Thread poster: Claudio Chagas
I have not obtained any feedback on my last post so I decided to resend it, and make clear that what I would like to find out how to calculate a reasonable proofreading/editing rate. I know my translaion rates, but have never charged for proofreading/editing.
So if anyone has any ideas to give me I'd be very appreciative.
I've been contacted by a contract publisher in the UK who is trying to pull together a team of language sub-editors for a large amount of editing work on producing two 128pp and two 38pp brochures that will need editing both in Word and Quark.
A natural question here is the rate of pay on offer. So I'm seeking advice on how to draw up a clear agreement about what the deal involves and help working out what to charge.
If any of you with experience in this business know of a contract/agreement which records the facts by putting it in writing, I'd be interested in knowing what its recommendations to sub-editors/translators are.
I'm looking forward to reading any feedback from you.
[Edited at 2006-05-01 15:53]
| || || |
| | Jeff Allen
Local time: 11:16
| reply on editing/proofreading rates || Nov 20, 2004 |
Claudio Chagas wrote:
I have not obtained any feedback on my last post so I decided to resend it, and make clear that what I would like is to find out how to calculate a reasonable proofreading/editing rate. I know my translaion rates, but have never charged for proofreading/editing.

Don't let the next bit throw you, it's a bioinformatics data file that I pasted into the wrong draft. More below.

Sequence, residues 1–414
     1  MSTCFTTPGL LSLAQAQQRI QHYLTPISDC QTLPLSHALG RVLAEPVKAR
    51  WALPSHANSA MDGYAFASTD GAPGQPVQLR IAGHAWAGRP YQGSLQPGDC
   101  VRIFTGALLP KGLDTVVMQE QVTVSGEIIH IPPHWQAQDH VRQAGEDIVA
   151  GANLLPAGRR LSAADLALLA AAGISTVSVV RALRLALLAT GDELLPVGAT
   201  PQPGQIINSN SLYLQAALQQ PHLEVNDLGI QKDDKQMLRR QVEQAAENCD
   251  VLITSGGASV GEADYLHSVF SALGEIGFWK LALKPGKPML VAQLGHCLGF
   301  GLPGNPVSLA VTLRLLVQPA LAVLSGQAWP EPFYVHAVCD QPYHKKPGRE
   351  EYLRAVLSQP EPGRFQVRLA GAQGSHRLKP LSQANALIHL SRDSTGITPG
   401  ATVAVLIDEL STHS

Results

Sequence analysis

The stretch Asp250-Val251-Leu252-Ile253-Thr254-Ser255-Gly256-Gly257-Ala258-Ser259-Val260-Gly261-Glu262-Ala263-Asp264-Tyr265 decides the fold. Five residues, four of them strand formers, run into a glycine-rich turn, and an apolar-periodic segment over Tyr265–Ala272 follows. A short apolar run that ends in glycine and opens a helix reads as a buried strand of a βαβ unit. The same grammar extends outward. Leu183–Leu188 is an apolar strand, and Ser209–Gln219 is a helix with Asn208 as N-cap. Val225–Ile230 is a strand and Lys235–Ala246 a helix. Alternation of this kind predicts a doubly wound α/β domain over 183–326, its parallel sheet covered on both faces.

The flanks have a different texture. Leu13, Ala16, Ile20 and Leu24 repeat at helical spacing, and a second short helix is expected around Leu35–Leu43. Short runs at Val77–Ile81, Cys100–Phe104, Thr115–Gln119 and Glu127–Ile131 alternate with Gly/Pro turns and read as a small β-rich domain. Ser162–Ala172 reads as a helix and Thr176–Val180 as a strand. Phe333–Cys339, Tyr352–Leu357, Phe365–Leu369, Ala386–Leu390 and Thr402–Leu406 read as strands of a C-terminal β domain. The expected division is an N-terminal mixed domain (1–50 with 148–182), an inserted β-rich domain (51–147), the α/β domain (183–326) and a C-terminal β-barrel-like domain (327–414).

I conducted a survey on translation production rates last year. During that survey, several of the respondents also provided information about how much their agencies can edit/proofread during a period of time (hour/day). The results of that survey are in the Translation Speed vs. Content Management article that is listed at: http://www.geocities.com/jeffallenpubs/localization.htm
This should provide you with some raw data elements to establish business rates on.
Due to the nature of editing work, I have heard that revisers charge by hour.
Hope that helps.
[Edited at 2004-11-20 17:26]
| A third of the translation rate || Nov 20, 2004 |
but I ask to see the translation first to have an idea of the work that must be done.
A third of translation rate is fine for a good quality translation, in which style, grammar or terminology can be improved but are not too bad either.
My two Chilean pesos.
| | Claudio Chagas
Local time: 07:16
English to Portuguese
Thank you Jeff and Claudia for your information!
That was very helpful.
To report site rules violations or get help, contact a site moderator:
You can also contact site staff by submitting a support request »
|memoQ translator pro|
|Kilgray's memoQ is the world's fastest developing integrated localization & translation environment rendering you more productive and efficient.|
With our advanced file filters, unlimited language and advanced file support, memoQ translator pro has been designed for translators and reviewers who work on their own, with other translators or in team-based translation projects.
More info »
|Translation Toolkit and Sales Potential under One Roof|
Apart from features that enable you to translate more efficiently, the new Across Translator Edition v6.3 comprises your crossMarket membership.
The new online network for Across users assists you in exploring new sales potential and generating revenue.
More info »